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The Economic Perspective 2/10/2023

Updated: Mar 1, 2023

The Latest Trending Economic, Environmental and Demographic News Curated for You By The Balmoral Group

The Balmoral Group provides practical, professional and precise Economics, Data Analytics, and Engineering Consulting services and is part of a globally integrated team.

This week we have articles on the U.S. car fleet potentially causing lithium shortages, a mosquito feeding platform, whale beachings, and more. The Data Visualization covers changing home prices around the country and expected forecasts for this year.

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New Mosquito Feeding Platform

An article published this week in a leading biotech journal reports on an innovative system for mosquito monitoring: fake skin with real blood. The system consists of a porous hydrogel (so mosquitos can smell the blood through it), and inside the gel are tiny channels with blood inside. It sounds a bit grim, but it’s actually a more humane and versatile system than using animals or humans in testing for mosquito diseases. The idea is that this “mosquito feeding platform” could be deployed to collect better data on mosquito diseases by readily having access to the blood inside the hydrogel. Researchers also think it will have applications for testing new mosquito repellents. It takes innovation to battle the world’s deadliest animal! Read the story at

New Buy America Guidance Published

The Office of Management and Budget published the proposed revisions to the Build America, Buy America Act provisions of the Infrastructure Investment and Jobs Act. The new guidance would add three new categories to the existing list of construction materials: composite building materials, fiber optic cable, and optical fiber. It also explores whether coatings and brick and engineered wood products should be covered too. While aggregates are excluded from the list, the guidance also questions whether some processed aggregate products should be excluded from the provisions. The guidance is in the public comment phase. ARTBA

Four Whale Beachings in Oregon Signal New Trend

The deaths of the sperm whale and three gray whales last month in Oregon is consistent with a larger trend endangering the gray whale population on the West Coast and Alaska. The coastline from Alaska to Mexico has seen an increase in gray whale strandings since 2019. In fact, NOAA has declared an Unusual Mortality Event (UME) for 2019-2023. Gray whales make up 50% of beachings across Oregon and southwest Washington, with 117. Gray whales and sperm whales are the second and third most common, with 27 and 23 respectively. Of the whales stranded since 1989, 57 were found in the past five years – around 24% – with 19 of those whales beached in 2019 alone. The specific cause of strandings has yet to be determined,but changes in the arctic waters may be affecting the gray whales’ food supply, leading them to become malnourished and more susceptible to prey. The Oregonian

Cruz Foam Makes Styrofoam Alternative from Shrimp Shells and Food Waste

As bans on Styrofoam spread across the county need remains for lightweight insulating packaging material. Cruz Foam, founded in 2017, has created an alternative material made from chitin, and starches and fibers from food waste. This is a biodegradable, and environmentally safe option compared to Styrofoam, which degrades into microplastics in our oceans over time. Cruz Foam finally launched its first line of shipping material on Wednesday. These products can be used and safely discarded afterward, even being used as composting for a customer’s soil or garden. Read More.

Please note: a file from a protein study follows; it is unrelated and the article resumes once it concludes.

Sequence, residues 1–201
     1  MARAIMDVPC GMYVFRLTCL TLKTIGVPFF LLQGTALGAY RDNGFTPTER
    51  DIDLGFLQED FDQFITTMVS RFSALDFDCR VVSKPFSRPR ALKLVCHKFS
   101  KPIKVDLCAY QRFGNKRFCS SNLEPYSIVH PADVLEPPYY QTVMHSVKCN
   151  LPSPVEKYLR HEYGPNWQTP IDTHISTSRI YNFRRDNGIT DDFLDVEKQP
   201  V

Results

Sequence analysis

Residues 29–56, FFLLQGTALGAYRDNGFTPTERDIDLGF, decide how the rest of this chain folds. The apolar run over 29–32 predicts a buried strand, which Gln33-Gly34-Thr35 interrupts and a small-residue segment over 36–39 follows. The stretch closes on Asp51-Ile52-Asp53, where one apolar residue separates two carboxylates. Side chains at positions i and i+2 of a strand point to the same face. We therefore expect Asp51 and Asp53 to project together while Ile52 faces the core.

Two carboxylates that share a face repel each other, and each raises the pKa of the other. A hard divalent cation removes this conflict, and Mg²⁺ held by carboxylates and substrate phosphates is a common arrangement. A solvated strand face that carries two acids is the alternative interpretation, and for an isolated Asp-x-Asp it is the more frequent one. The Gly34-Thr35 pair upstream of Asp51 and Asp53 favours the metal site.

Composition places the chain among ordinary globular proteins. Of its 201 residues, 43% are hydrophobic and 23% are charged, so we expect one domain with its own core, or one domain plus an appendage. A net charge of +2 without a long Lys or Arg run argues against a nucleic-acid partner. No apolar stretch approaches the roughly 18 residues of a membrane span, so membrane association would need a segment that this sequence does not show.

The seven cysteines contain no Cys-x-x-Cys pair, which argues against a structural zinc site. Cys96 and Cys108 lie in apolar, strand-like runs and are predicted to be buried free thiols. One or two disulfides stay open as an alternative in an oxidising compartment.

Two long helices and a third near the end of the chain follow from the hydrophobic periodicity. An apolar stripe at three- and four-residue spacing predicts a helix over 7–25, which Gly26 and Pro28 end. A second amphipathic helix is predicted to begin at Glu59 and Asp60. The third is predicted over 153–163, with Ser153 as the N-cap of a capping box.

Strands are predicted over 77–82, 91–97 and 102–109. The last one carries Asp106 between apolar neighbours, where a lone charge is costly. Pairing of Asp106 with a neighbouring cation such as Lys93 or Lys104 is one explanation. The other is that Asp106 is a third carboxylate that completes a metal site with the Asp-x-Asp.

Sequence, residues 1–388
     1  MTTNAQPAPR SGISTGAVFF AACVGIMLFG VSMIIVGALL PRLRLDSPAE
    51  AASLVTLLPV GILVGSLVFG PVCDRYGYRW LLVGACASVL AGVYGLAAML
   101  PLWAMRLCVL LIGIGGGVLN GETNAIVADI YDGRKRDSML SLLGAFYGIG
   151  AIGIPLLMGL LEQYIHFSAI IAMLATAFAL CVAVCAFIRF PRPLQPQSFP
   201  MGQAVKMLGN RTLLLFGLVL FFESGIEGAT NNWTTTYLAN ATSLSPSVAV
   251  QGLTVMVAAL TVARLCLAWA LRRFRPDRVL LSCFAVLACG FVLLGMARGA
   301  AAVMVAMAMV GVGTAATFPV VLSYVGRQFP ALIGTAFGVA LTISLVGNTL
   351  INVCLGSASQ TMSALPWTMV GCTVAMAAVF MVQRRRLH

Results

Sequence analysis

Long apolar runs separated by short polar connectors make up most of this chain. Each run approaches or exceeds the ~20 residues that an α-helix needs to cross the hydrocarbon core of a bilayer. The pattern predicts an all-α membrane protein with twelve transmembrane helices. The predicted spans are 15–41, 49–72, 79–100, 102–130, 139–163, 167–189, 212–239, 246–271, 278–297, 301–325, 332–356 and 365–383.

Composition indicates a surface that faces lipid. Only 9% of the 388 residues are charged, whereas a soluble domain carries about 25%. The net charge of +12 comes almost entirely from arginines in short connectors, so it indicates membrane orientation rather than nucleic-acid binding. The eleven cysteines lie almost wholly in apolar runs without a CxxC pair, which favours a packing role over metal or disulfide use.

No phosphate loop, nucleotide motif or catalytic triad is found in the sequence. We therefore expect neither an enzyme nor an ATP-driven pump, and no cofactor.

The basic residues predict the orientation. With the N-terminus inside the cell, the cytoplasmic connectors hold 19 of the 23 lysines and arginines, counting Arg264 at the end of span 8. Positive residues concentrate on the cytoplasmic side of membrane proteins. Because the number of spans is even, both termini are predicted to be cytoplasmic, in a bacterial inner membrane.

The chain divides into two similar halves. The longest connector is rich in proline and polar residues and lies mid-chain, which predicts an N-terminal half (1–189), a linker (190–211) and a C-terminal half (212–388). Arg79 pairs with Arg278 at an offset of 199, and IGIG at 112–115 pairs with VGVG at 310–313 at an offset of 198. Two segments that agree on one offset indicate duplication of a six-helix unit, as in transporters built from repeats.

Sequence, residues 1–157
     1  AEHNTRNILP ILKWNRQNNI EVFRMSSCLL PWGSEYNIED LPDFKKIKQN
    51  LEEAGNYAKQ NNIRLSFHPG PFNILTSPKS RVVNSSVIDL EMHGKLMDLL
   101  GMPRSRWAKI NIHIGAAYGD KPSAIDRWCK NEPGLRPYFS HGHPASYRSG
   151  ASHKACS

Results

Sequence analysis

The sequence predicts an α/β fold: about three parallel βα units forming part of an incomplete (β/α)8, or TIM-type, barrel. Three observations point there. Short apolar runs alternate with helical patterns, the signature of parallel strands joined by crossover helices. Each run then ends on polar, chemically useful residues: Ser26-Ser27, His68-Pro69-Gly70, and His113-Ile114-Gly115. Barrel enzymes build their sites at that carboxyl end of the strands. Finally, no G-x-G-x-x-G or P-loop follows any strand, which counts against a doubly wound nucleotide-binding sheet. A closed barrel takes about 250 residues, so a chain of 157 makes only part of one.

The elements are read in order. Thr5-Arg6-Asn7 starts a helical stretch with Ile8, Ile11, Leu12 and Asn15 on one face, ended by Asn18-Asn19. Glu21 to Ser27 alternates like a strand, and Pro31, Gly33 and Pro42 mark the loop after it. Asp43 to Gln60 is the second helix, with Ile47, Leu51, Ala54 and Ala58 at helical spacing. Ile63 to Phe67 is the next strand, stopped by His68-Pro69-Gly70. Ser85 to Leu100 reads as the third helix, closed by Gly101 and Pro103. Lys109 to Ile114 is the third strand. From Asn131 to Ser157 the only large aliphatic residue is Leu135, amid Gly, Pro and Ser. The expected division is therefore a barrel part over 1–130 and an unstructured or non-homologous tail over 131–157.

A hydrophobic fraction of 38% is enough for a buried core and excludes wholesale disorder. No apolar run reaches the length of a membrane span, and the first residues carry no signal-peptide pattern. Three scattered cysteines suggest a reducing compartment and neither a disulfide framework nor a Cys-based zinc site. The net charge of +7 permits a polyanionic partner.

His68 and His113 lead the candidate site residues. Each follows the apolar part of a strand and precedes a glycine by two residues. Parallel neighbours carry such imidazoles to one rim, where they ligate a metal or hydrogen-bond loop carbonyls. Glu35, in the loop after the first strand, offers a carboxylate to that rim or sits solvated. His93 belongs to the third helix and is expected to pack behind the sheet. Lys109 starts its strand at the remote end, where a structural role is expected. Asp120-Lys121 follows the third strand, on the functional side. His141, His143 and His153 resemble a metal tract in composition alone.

January Construction Employment a Mixed Bag

According to the Bureau of Labor Statics, U.S. construction increased 3.9% in January 2023 compared to the same month last year. However, the industry’s unemployment rate was 6.9% last month, up from 4.4% in December. In addition, the heavy and civil construction sector declined by 1,200 workers. Average hourly pay for construction workers rose 6.2% in January, year-over-year, to $31.44 per hour. ENR. Read More.

Making the Entire U.S. Car Fleet Electric Could Cause Lithium Shortages

New research from the University of California, Davis and the Climate and Community Project shows that converting the existing U.S. car fleet to battery-powered electric vehicles would require three times more lithium by 2050 than the world currently produces. A transition to EVs could lead to lithium shortages unless broader changes are implemented such as the US and other countries overhaul transportation systems and move away from private cars as primary means of travel and intensive recycling of batteries. Current global production is just over 100,000 tons of lithium annually, but under the base case scenario, the researchers estimate the US alone would require 306,000 by 2050; it does however assume no changes in the transportation system and consumers buying vehicles with batteries the same size as those used in today’s EVs. Read More.

Data Visualization of the Week

U.S. Home Price Insights - February 2023

CoreLogic offers insights into National Home Prices from December to February. While home prices may experience minor declines in price month to month, prices are expected to go up over the course of this year by 3%. States such as Florida, Vermont, and South Carolina are expected to increase the most. Read more and check out other visualizations here



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